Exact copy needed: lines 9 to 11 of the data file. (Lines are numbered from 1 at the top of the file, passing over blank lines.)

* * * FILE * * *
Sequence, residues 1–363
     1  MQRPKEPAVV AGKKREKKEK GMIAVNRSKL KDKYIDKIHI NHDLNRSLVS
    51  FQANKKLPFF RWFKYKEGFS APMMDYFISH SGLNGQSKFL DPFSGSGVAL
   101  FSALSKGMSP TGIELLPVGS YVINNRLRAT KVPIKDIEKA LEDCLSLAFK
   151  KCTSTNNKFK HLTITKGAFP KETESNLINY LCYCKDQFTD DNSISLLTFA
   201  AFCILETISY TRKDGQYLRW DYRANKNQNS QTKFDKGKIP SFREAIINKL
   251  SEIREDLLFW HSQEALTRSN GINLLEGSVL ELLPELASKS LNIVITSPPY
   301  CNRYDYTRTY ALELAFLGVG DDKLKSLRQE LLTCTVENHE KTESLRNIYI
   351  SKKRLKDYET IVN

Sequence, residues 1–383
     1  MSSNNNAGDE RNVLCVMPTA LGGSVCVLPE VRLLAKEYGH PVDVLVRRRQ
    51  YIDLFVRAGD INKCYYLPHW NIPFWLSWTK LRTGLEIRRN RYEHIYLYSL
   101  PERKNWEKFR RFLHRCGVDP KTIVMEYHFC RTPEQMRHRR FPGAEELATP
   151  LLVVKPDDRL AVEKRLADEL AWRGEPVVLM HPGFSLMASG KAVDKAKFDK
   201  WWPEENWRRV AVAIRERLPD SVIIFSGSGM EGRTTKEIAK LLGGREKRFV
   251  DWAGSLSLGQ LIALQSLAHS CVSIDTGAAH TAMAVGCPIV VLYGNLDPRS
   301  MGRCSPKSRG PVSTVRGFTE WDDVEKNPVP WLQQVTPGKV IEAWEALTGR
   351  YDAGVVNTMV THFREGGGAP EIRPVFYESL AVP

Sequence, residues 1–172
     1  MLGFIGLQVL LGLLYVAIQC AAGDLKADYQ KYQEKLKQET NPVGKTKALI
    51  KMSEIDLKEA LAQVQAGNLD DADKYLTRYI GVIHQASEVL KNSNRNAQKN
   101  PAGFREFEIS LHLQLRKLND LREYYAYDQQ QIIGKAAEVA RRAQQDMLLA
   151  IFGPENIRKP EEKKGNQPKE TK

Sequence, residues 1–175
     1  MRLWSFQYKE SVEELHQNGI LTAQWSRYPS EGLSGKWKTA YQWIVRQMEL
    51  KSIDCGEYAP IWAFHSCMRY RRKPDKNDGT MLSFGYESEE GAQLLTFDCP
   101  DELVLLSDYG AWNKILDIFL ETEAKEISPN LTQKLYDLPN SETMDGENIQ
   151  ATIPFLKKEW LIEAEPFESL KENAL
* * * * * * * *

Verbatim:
   351  SKKRLKDYET IVN

Sequence, residues 1–383
     1  MSSNNNAGDE RNVLCVMPTA LGGSVCVLPE VRLLAKEYGH PVDVLVRRRQ